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“The Lord is my shepherd; I shall not want.” Thus begins one of the most familiar passages from the Bible. I’ve known this revered Psalm since I was a child. You may well have it committed to memory. Some of you who think you haven’t really have.
When conducting funerals, I routinely use it as the final word at the graveside. I usually preface the reading/quoting of the Psalm by saying, “Hear this not as a word about your loved one who has passed. Hear it as a word for you. You and I are the ones living in the “valley of the shadow of death.” This is God’s word for us and it brings to us the promise that as we rise and go from this gravesite, we will not be alone. God will go with us.”
I then read/quote the Psalm. As I do so, the same thing happens each time. There will be a number of people who are saying it with me—some out loud and others mouthing the words silently. What amazes me about this is that many of those who say the Psalm with me are not regular church-going folks. But they know this Psalm.
Are they saying it for the reason I’m sharing it? Do they get it? Do they understand that the Creator God never intended that we should muddle through life alone? God didn’t intend that. In the beginning, God created Adam and Eve that they might be companions suited for each other. God created us to be part of one another and to have communion with God. Where we go, God goes. Whatever comes down the pike, be it joyful or sorrowful, easy or hard, God wants to shepherd us through. That’s the Psalmist’s message.
But I wonder about our love of this Psalm. It’s easier read... easier learned... and easier felt than it is lived. The truth is that the Lord is not everyone’s shepherd. The Lord is shepherd only to those who are open to being shepherded. We are not sheep. We are human beings with the power to choose, even to rebel and flee the Shepherd.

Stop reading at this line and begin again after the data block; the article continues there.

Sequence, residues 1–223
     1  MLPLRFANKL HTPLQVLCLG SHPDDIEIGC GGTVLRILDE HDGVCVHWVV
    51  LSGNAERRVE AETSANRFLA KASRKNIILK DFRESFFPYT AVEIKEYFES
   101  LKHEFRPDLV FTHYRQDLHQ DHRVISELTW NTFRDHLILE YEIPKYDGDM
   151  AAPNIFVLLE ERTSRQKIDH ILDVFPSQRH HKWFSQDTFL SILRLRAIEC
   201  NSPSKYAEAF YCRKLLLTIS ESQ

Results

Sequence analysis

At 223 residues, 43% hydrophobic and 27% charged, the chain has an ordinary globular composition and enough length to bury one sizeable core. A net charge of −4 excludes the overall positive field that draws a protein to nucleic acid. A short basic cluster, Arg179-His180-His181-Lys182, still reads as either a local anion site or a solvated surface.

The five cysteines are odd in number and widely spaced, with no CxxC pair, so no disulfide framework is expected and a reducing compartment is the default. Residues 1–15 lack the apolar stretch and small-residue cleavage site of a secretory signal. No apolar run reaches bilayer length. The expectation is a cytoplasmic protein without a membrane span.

I fear that for many of us, Psalm 23 brings us only momentary comfort, peace, and hope. Then life smacks us in the face again—the cancer returns, the rebellious child doesn’t come home, the cheating spouse cheats again, the boss remains unreasonable in his/her demands, the bills overwhelm us... on and on comes life.
Where is this “no want”? Where are the green pastures and the still water? When will my soul be restored? Death looms and fear is present. The table is bare and the cup is empty. Goodness and mercy elude us, and we wonder if there really is a house of the Lord in which to dwell.
Perhaps the Psalm is too familiar and the Shepherd not familiar enough. It is those who have met the Shepherd who know the meaning of the Psalm. They know that not wanting is not about having all you want, or even all you need... that green pastures and still waters are often oases in the desert . . . that death is as natural as birth and part of the Shepherd’s benevolent plan for creation... that the table is not about being sated, and the oil is not about being blessed.
Those who know the Psalmist know that it is all about belonging... belonging to the Creator and to each other. Knowing this, they know that to “dwell in the house of the Lord forever” is forever to have the Shepherd by their side; and that is enough.
Come to know the all too unfamiliar Shepherd and the all too familiar Psalm will never be familiar again. It will be a daily gift of grace.